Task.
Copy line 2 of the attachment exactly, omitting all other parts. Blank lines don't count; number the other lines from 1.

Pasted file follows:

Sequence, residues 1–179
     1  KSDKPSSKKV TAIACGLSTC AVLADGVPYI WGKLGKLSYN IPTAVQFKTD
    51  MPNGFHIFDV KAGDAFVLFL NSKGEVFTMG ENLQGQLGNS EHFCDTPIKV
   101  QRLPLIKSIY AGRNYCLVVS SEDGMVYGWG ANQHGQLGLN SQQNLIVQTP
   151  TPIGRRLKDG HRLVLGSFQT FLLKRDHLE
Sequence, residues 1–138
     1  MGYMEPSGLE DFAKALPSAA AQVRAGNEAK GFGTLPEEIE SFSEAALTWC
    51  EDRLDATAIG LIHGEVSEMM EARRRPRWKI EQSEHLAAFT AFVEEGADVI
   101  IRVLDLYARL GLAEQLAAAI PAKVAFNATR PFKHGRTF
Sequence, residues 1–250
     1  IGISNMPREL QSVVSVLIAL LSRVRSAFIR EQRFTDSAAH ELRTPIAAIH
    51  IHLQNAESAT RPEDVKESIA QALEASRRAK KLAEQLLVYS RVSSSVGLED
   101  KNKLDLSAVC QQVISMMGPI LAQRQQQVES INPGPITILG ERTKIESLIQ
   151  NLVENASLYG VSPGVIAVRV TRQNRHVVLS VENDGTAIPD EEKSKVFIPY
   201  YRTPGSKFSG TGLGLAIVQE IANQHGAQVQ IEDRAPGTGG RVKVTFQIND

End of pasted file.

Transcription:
     1  KSDKPSSKKV TAIACGLSTC AVLADGVPYI WGKLGKLSYN IPTAVQFKTD